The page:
7. 7. Most Common Problem = Legs Example: Professional Hockey Player 1 Day Before Training Camp VO2 @ AT- 27ml/kg/min VO2 @ Peak- 43ml/kg/min 2 Min. Recovery 146 bpm Watts- 440 4 Months Into The Season VO2 @ AT- 38ml/kg/min VO2 @ Peak- 45ml/kg/min 2 Min. Recovery 143 bpm Watts-380 CARDIO IS GOOD, BUT HIS LEGS ARE STARTING TO DECREASE.
    8. 8. Misleading Information • 220 – age formula from Dr. Haskell (226 – age for females) Resting heart formulas
    9. 9. Where did it come from? “I’ve kind of laughed about it over the years,” Dr. William Haskell (developer of 220-age heart rate formula) said. “The formula,” he said, “was never supposed to be an absolute guide to rule people’s training. But,” he said, “it’s so typical of Americans to take an idea and extend it beyond what it was originally intended for.” - The New York Times 4/24/01
    10. 10. CONCLUSIONS AND RECOMMENDATIONS Based on this review of research and application of HRmax prediction, the following recommendations can be made; Currently, there is no acceptable method to estimate HRmax.
    11. 11. 40 Yrs. Sedentary 40 Yrs. - 20 Yrs. Exercise 220 – Age = 180 220 – Age = 180 Fat Burning or 65% = 117 Fat Burning or 65% = 117 Cardio Training or 85% = 153 Cardio Training or 85% = 153 ARE THEY REALLY THE SAME??
    12. 12. 40 yr 40 RHR 40 yr 70 RHR 220 – Age = 180 220 – Age = 180 180-40 RHR= 140 180-70 RHR= 110 85% = 119 85% = 93.5 119+ 40 RHR = 159 93.5+70 RHR = 163.5 Do you really want to push them??
    13. 13. Age Predicted What about fitness level and genetics? Percentages No set percentage from Anaerobic Threshold to Peak.
    14. 14. VT/ANAEROBIC THRESHOLD The point at which the body metabolism changes from Aerobic to Anaerobic. During an exercise test, it usually is associated with sudden increase in breathing, increased fatigue, burning in the muscles and production of carbon dioxide greater than consumption of oxygen. 80-85% MHR Used for HR zones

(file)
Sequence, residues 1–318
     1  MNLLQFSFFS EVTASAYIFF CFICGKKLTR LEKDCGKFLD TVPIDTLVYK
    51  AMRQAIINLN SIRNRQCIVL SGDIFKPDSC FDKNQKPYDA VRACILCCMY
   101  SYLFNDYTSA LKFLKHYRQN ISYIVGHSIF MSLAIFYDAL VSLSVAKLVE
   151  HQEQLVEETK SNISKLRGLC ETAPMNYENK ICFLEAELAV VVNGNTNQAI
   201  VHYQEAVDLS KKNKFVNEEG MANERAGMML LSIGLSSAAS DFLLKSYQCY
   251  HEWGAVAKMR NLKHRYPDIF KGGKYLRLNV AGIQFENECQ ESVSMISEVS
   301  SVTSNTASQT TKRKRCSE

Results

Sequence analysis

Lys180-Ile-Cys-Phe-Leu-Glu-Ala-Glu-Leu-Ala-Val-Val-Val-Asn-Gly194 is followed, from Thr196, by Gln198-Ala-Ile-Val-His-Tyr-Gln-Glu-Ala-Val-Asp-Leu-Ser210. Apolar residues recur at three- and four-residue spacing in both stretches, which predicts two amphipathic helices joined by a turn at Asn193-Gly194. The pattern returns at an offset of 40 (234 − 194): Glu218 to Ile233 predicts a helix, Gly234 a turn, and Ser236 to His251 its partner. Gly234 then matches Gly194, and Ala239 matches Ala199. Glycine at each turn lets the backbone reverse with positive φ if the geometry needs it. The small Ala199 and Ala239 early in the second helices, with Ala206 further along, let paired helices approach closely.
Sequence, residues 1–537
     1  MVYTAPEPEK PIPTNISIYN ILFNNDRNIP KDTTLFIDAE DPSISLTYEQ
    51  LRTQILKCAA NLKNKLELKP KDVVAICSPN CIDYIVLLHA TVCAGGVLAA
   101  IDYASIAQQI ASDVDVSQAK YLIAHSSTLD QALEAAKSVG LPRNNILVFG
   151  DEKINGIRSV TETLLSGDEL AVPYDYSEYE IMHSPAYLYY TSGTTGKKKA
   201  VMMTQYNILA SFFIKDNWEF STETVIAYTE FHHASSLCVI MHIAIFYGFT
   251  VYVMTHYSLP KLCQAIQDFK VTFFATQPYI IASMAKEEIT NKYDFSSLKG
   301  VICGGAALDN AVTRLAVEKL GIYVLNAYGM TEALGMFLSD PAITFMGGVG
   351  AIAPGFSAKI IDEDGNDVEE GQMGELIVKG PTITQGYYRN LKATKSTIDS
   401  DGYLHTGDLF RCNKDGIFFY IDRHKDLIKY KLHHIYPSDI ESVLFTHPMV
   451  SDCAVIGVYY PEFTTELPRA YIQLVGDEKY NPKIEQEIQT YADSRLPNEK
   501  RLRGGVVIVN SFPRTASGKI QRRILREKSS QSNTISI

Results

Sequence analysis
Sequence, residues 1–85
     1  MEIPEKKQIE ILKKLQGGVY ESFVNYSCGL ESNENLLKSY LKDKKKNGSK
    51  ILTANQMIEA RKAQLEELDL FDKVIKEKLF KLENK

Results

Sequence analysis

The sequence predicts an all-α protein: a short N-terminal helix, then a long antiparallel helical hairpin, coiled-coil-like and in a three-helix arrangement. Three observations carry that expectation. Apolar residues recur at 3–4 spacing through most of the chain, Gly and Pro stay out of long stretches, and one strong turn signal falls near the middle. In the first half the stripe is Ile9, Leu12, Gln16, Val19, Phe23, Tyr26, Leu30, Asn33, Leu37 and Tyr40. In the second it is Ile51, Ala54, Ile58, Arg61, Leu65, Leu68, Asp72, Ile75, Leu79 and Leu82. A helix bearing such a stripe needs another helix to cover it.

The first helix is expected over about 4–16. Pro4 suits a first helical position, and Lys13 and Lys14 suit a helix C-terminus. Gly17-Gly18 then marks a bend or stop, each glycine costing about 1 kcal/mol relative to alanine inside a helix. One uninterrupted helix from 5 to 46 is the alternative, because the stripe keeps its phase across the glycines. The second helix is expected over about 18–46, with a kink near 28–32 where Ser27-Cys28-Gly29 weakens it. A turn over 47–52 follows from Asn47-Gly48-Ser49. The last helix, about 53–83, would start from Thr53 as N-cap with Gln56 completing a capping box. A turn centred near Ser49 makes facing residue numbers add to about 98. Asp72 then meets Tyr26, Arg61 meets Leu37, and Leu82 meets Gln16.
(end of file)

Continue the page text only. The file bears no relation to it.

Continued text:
15. 15. ( OXYGEN CONSUMPTION) The amount of oxygen the body uses during exercise. This number is expressed in milliliters per kilogram of body weight per minute (ml/kg/min). The higher the number the greater the potential. Close to 95% MHR? Top of HR zones
    16. 16. TRUE INTERVAL TRAINING This is a training technique that alternates between short intense exercises effort with periods of ―TRUE‖ Recovery. This will take you from 65% of max heart rate to 95% and back to 65%.
    17. 17.    Aerobic System- Aerobic exercise is the ability of the body to take oxygen from the atmosphere, into the lungs, transfer it into the blood, and then pump it to the working muscles where it is utilized to oxidize carbohydrates and fats to produce energy. Anaerobic System-Anaerobic fitness is the ability of the body to produce energy by metabolizing carbohydrates in the absence of oxygen. Anaerobic Threshold-Anaerobic threshold can be defined as the point where, as intensity increases, a person shifts from aerobic metabolism to anaerobic metabolism.
    18. 18. RER and Percent (%) Calories From Fats and Carbohydrates RER % Carbohydrates % Fats 0.71 0.75 0.80 0.85 0.90 0.95 1.00 0.0 15.6 33.4 50.7 67.5 84.0 100.0 100.0 84.4 66.6 49.3 32.5 16.0 0.0 RER=VCO2/VO2 Measured During Rest Or Steady State Exercise From: Physiology of Sport And Exercise, by Wilmore J.H. and Costill, D.L.,Human Kinetics, 1994, pp106